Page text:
To avoid stagnation, as well to keep on evolving, he moved on in search of wider fields for his work. Wherever he went, in a short time he became popular and an important social figure. His charming personality, humility, wisdom and sincerity, besides his superb painting, made him a distinguished person. Anyone, who came in his contact once, was his fan forever.

Right from his early days, Darji loved visiting the mountains beyond Pathankot. Usually, Nanak Singh accompanied him on his such forays.

Prit Nagar

When he was on move, he had a short stay of about 3 years at Prit Nagar, a development close to Amritsar. Here, he had association with Gurbux Singh and Nanak Singh.


From Preet Nagar, Amritsar, he moved to Lahore. In a short time, he became a well established artist and an important person in the society. He did not forget his friends at Amritsar, and kept visiting the mountains with them.

From Lahore he moved to Delhi.


At Delhi, the artist had his studio in Cannaught Place. At that time it was isolated, calm and quiet place with small hills in the vicinity. Colonel Tait, an officer in the Railway Publicity Department, was an art lover, and he became a devoted friend of Darji. The artist stayed at Delhi for twelve years, in the full bloom of his youth, and became a central figure in the social gatherings of importance.

Occasionally, he would sit at his easel even for 18 to 20 hours. He did the first painting of Sohani-Mahiwal at Delhi. It gave him an instant fame.


This village is about 12 miles from Palampur, in the District Kangra, in Himachal Pradesh, India. It is located in the charming Kangra valley.

He was possessed by the desire to settle somewhere away from the rush of a town, in the solitude of nature. Nohra Richards, mother of the Punjabi drama, who lived at Andretta, became a deciding factor and Darji went to this village in 1947, shortly after the partition of India.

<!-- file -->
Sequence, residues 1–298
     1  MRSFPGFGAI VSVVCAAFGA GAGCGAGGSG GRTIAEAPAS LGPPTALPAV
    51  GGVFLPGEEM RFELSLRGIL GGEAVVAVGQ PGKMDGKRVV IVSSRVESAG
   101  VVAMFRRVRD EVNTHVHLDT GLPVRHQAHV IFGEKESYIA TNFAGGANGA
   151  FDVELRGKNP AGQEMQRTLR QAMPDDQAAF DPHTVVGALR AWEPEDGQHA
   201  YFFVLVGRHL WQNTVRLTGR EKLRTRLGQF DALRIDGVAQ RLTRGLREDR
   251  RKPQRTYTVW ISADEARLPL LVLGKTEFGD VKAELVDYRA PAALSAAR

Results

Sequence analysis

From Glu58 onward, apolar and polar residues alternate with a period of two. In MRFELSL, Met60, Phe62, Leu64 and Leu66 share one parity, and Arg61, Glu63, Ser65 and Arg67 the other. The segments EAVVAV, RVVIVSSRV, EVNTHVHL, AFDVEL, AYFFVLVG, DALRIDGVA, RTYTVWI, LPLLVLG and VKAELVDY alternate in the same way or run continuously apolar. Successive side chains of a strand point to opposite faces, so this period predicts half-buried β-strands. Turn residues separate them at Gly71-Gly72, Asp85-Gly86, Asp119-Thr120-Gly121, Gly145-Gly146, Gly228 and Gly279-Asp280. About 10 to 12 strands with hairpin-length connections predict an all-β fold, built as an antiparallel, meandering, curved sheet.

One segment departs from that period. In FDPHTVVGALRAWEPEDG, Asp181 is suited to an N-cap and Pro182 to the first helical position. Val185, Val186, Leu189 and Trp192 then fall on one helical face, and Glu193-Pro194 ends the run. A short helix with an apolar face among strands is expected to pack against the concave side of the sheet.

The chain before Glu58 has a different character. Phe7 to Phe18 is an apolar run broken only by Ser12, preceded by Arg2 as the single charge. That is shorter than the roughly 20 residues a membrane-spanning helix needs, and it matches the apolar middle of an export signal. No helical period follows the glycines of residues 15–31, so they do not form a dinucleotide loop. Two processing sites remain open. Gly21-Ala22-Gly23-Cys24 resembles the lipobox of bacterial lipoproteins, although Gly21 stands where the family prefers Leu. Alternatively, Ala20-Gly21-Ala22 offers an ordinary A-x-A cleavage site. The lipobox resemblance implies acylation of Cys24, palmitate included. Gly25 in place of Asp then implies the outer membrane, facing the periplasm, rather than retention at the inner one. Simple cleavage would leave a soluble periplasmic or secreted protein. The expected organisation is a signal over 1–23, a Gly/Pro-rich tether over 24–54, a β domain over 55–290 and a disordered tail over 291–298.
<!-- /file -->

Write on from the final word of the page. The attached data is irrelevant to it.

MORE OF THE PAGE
He was visiting Lahore from Delhi. On the partition of India, the town got engulfed by the communal riots. He sent his wife to his friend Mr. Mehta of the Mehta Printing Press at Delhi, and himself left for Andretta. All his previous paintings still lying at Lahore, were lost to the fire of raging riots.

This small village became his home, and he built his house on its outskirts. In the heart of the pine-forest, besides a creek, on the hill nearby, he built a small cottage as a retreat for his occasional introspection. The visiting thinkers would go there to enjoy the solitude and to be with the nature.No army top brass, Chief Minister, Governor, or any other important person, considered his or her visit to Himachal complete without meeting him and seeing his gallery. He had almost a continuous flow of visitors, especially on the weekends. A metalled road was laid down from Palampur to this village for his and the convenience of visitors.


Inder Kaur, wife of Sobha Singh, was not destined to become a mother. Her heartbreak developed into her frustration. This invited high blood pressure and diabetes. She could hardly reach fifty-five. Darji, besides being left alone, started showing the effect of age. Harbir Singh Bhanwar and his wife Gurcharan Kaur moved to the residence of the artist to look after him, to care for the guests, and to manage the house. This contributed to the lease of life to Dar ji, and he would remark, �Some more years to create a few more paintings.� Gurcharan Kaur and her son Hirdaypal Singh dedicated their lives to serve him with unique devotion.

Himachal, His Home

Mr. M.M Chowdhry, Governor Punjab; Giani Zail Singh, Chief Minister, Punjab; Shromani Gurdwara Parbandhak committee and some of his sincere admirers tried to bring Darji to Punjab. Mr. Parmar, Chief Minister of Himachal, other politicians, dignitaries, friends, and the people in the village and area, felt deeply hurt. The state did not want to lose the man of such an unparalleled distinction. He himself could not compromise with the idea of leaving the place which he loved so dearly. It had clean, calm, peaceful environment, and moderate weather. To find it, he had spent a lifetime. The people around loved him dearly, and he equally reciprocated. They were simple and sincere. Some would see Sohani-Mahiwal and say, �This is Sobha Singh's Sohni.� The artist had carved a statue of Dr. M.S Randhawa and fixed it in a wall of his room. Some would take it as a deity and bow to it offering flower petals. They were so pure of heart!

Evolution of His Art

His painting started with the search for the love of his mother whom he lost when he was a child. He thought the love was great, and it passed on to his painting the love-lores like Heer-Ranjha, Sohni-Mahiwal etc. Gradually, he realized that the worldly love was not mortal and he switched on to the paintings of the saints. In time he felt that the devotion of the saints was only their yearning to meet God, and was not complete. On his realization that nothing surpassed the faith in the Gurus, his art evolved to paint the Gurus, Avatars and Prophets. Painting the Gurus was his meditation, and he got totally absorbed and lost when painting them. He was a perfectionist and would even get up in the middle of the night to retouch an old painting.